Judge Morris, I urge you to do the right thing, and protect eight-year old kids from con artists like Kimberly Knight.  

Anything less would be a crime. 

Copyright © 2009, Michigan Radio

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  • 8/21/2009 8:56 AM David Ellies wrote:
    I've been gone from Ann Arbor since 1996. However my son, Ben, and his family continue to reside in Ann Arbor. Ben played in the AAAHA from age 6 until high school when he played for AA Huron. I served on the board of the AAAHA and was its treasurer for perhaps 5-6 years in the mid to late 1980's. The board was a group of dedicated volunteers who loved the game of hockey and the opportunity the AAAHA afforded local kids to learn and play the game. I cannot fathom what this woman has done. How on earth did she get away with embezzling close to $1Million? Prison time? Absolutely and she should repay what she stole from the AAAHA and the many kids it nobly serves.
    Reply to this
    1. 8/21/2009 10:39 AM John U. Bacon wrote:
      Well said, David - and this, from a man who knows of what he speaks.

      Knowing how many good people like you did so much for this organization and the kids it serves makes this case all the more galling.

      I hope justice is served.

      Reply to this
  • 8/21/2009 9:44 AM Jim Hirsch -Bris dad wrote:
    Amen!!! And Plaxico goes to Prison for being stupid! Please keep us informed of the outcome on this evil woman.
    Reply to this
    1. 8/21/2009 10:47 AM John U. Bacon wrote:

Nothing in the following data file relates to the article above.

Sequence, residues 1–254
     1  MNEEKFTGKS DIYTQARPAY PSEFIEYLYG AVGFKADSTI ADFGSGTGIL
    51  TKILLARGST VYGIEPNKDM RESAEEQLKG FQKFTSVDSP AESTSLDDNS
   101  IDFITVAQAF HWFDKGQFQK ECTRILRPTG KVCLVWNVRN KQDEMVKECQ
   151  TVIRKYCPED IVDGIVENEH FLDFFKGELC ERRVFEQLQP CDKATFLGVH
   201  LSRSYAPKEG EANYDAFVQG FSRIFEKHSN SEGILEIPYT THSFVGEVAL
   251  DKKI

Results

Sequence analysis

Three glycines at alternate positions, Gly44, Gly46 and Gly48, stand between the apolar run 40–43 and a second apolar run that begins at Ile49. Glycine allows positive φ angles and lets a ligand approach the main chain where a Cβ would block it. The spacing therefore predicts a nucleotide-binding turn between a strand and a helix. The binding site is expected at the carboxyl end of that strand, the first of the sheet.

Ha -- good point. I will definitely keep the Bacon Bloggers updated. Judge Morris is scheduled to sentence Knight on Monday.
      Reply to this
  • 8/21/2009 10:14 AM Mike Breazeale wrote:
    They should rip her heart out just like she did for the kids that need the scholarships to play - terrible.

    Why not put her in goal w/o any pads and have some of these kids shoot on her?
    Reply to this
    1. 8/21/2009 10:55 AM John U. Bacon wrote:
      Now THAT would be creative sentencing -- but anyone who's played hockey might consider it cruel and unusual.

      Reply to this
  • 8/21/2009 4:16 PM Craig wrote:
    While I agree with the general sentiment expressed I have to wonder, given the size of the working budget where were the checks and balances? How did not more than one person need to "sign off" on checks written? How did not more than one person view a monthly bank statement?
    Reply to this
    1. 8/21/2009 4:32 PM John U. Bacon wrote:

      You raise a good point, of course. Ms. Knight appears to have been pretty crafty, changing banks and mailing addresses and the like to avoid scrutiny. But clearly, the AAAHA needed better oversight, including the basic checks and balances you describe, such as annual audits.

      This is what I alluded to when addressing the strengths and weaknesses of volunteer organizations: Because they don't always have the time to do things the way a commercial organization would, they tend to rely more than most on a basic level of trust.

      That said, AAAHA has learned its lesson, and has followed proper accounting practices since, including reinforcing the checks and balances you mention.

      Hope that answers your question.

      Reply to this
  • 8/21/2009 6:21 PM Jim wrote:

    Your points about the leniency afforded people like this are criminal acts by the judicial system itself. I strongly suggest you rent several buses and bring these boys and girls to the courthouse so that the sentencing judge must look them in the eyes as he "slaps" her wrist.

    Even if restitution is part of the sentence be prepared for bankruptcy, as in most cases restitution is not feasible and unfortunately the loss is written off as a bad memory.